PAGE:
This author lapses into what Heidegger refers to as Inauthenticity. She confuses the being of Humans with things in the world. But the authentic Human-being is undetermined & creative. Humans project possibilities that previously had not existed & many of these creative ideas would certainly be not approved by paternalistic timid government bureaucrats. This author’s vision is for humans to be treated like mere things in the world who are spoon-fed what is “good” for them by the elites of a ruling class (who of course, always exempt themselves from the dictates they impose on the masses.) Human authenticity is not found in the paradigm of being molded by elites. Humans “raise their game” & become more intelligent when they exercise autonomy & responsibility. It is autonomy that makes our judgements & the acts based on them, authentically ours. The author’s prescription will,of course, devolve into a mere subterfuge for groups to dominate the individual & limit creative possibilities.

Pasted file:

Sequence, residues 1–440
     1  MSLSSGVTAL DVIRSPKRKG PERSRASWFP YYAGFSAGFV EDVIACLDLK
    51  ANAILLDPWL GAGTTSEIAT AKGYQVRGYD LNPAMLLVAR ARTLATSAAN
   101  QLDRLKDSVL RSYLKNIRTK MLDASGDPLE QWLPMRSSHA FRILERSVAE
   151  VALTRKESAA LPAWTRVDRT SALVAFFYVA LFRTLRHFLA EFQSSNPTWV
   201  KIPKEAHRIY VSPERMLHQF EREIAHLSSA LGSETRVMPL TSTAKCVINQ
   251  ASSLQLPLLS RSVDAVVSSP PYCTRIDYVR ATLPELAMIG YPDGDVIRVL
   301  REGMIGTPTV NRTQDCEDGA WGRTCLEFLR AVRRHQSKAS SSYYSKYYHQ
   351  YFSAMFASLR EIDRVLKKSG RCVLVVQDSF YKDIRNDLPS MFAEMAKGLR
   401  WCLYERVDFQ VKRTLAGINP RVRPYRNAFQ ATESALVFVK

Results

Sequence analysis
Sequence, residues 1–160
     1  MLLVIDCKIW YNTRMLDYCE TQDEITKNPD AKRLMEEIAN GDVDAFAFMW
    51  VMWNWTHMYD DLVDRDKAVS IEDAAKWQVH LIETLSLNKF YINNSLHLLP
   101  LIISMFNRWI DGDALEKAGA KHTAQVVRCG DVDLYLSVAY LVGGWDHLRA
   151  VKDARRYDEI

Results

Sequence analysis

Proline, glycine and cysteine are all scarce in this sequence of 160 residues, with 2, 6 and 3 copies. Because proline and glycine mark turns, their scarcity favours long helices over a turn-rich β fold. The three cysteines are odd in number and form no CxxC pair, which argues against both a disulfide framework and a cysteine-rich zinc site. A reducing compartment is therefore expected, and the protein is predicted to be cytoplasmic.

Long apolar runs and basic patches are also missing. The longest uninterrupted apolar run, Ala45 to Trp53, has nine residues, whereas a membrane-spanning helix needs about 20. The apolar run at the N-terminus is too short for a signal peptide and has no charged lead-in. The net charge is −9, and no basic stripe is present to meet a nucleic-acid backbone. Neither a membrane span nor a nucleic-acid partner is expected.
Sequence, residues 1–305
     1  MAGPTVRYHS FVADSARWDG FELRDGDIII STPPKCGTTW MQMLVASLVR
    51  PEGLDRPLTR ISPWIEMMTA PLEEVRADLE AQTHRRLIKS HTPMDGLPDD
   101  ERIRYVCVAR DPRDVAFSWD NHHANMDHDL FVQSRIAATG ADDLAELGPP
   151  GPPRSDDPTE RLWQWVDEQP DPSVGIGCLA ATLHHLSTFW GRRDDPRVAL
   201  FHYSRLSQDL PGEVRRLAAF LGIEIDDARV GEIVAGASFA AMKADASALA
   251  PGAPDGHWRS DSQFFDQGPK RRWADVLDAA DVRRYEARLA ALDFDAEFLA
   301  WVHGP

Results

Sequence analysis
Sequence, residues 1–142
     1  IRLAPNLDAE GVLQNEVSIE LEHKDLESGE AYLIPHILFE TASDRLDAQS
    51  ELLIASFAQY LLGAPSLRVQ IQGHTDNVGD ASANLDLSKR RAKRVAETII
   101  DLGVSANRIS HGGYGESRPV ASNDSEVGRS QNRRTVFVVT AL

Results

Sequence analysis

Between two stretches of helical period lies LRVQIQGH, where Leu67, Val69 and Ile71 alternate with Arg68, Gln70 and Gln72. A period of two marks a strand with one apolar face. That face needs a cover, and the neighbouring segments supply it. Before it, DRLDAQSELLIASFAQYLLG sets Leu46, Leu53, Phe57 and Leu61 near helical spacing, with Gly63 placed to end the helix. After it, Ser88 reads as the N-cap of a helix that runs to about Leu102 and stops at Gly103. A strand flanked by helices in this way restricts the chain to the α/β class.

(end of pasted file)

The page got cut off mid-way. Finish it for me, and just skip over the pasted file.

The turning point will be when humans start to perceive & accept that what is best for them is what is defined & prescribed by an elite cadre of bureaucrats & politicians. It will result in individuals being used as fodder for a self-interested ruling class who gain power & wealth & manipulate individuals by prescribing approved “rational” actions that benefit the governing elite. It is the incremental Road to Serfdom. It’s already starting to happen.

    The expansion of human creativity, profundity of thought & breakthru thinking is promulgated by the fostering of human autonomy & personal responsibility, not in its reduction. As Dennis Prager says “The bigger the state the smaller the individual.”

    The essential…